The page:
From here on, they hit head winds and had difficulty making their way out the strait, so they pulled in at Sooke Harbour and beached the boat to check on several leaks which had developed through open seams. Departing again, they attempted to double Cape Flattery but the weather again forced them to run back to shelter on the west coast of Vancouver Island. There they spent several weeks visiting with white families and the Indian villagers. At one point, Luxton related how he joined a native whaling foray offshore. At another time, he told how a friend had tried to shanghai him aboard a sealing schooner bound for the Bering. (Luxton claimed to have made several such trips and to hold a mate's ticket, a claim that cannot be substantiated by any records now extant.) In any case, they spent a leisurely few weeks exploring the west coast of the island and getting Tilikum ready again.(8)
On July 6, they departed at last, bound for Pitcairn Island and the Marquesas. They had not gone more than twenty-five miles when they were surrounded by a large migration of gray whales, then common on this coast, and were in danger of being struck and crushed by the cavorting cetaceans.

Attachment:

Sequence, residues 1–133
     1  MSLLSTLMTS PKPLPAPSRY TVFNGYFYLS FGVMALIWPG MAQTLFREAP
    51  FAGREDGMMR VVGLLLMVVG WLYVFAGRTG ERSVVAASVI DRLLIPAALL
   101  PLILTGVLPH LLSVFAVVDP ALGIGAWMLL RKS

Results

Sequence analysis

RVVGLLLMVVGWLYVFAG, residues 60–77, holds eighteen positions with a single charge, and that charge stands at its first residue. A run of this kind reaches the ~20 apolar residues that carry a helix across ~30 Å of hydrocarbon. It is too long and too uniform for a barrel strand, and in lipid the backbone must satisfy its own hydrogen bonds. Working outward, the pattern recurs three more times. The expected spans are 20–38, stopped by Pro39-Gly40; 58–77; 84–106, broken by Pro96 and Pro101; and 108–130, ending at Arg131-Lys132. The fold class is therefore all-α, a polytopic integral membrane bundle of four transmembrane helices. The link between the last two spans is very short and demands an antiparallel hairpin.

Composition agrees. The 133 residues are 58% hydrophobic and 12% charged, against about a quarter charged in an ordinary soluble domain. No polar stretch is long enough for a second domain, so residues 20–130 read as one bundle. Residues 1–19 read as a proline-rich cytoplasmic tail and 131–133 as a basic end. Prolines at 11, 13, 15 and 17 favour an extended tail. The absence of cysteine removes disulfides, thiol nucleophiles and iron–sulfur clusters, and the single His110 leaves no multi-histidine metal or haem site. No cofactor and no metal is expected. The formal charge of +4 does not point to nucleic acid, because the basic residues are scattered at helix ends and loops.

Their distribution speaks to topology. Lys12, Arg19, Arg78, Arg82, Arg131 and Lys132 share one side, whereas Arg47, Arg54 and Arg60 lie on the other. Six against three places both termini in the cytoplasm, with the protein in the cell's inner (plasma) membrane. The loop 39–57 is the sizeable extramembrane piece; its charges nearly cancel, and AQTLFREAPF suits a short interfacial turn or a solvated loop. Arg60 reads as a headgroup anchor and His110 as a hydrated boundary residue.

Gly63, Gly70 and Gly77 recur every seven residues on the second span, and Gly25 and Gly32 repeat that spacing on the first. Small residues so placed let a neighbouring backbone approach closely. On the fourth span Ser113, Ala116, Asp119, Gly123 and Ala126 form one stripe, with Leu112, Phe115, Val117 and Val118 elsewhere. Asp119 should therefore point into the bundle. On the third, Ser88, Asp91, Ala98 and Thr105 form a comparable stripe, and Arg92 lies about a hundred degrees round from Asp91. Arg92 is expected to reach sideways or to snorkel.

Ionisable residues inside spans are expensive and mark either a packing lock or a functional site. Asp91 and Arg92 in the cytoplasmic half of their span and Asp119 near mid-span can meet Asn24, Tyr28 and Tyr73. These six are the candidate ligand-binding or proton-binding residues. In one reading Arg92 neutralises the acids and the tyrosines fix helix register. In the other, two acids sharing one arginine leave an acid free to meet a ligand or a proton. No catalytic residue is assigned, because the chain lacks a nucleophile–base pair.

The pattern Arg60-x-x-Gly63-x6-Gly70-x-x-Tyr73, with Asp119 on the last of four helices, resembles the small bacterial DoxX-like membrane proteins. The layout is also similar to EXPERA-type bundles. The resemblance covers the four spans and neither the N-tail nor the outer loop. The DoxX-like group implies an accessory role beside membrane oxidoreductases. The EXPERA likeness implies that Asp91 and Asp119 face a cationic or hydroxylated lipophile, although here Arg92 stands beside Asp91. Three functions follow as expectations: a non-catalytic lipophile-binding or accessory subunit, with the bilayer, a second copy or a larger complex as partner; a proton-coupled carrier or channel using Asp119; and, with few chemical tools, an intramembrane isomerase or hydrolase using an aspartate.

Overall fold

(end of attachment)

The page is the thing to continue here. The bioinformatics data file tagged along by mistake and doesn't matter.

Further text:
Down along the west coast of North America they sailed, experi- erencing fine weather and frequent gales, learning to handle the Tilikum and settling into a daily routine of sixty to seventy miles. On this leg, Captain Voss gave Luxton some of the best on board train- ing in small-boat handling under bluewater conditions ever related, and the techniques Voss described were little-known then and dec- ades ahead of the current crop of heavy weather sailing manuals.
Down through the northeast trades they went, then into the dol- drums and across the equator into the South Pacific. Instead of Pitcairn or the Marquesas, they made their first landfall at Penrhyn Island on September 1. The two men had a violent argument here about landing, Voss wanting to continue on to Samoa because he feared the natives on Penrhyn would be hostile. But land here they did and found anchored the two-masted schooner Tamari Tahiti Tahiti, the French trading vessel, commanded by Captain George Dexter, a half- caste Tahitian-American, and his partner, the legendary Captain Joe Winchester, "an English gentleman and sailor," who was the father- in-law of James Norman Hall of later Mutiny on the Bounty fame.
Their stay on Penrhyn was apparently an eventful one, at least for Luxton, who related that he was trapped into a marriage by the mother of a local "princess," from which he escaped only by quick thinking and a glib tongue; and on their final departure, they were attended, Voss said, by two young "princesses," who came aboard to wish them bon voyage. To nineteenth-century searovers, apparently any dusky native belle was a "princess," a bit of harmless Anglo- Saxon chauvinism which went over big with the folks back home, but which any World War II G.I. in the South Pacific Theater forty years later had another name for.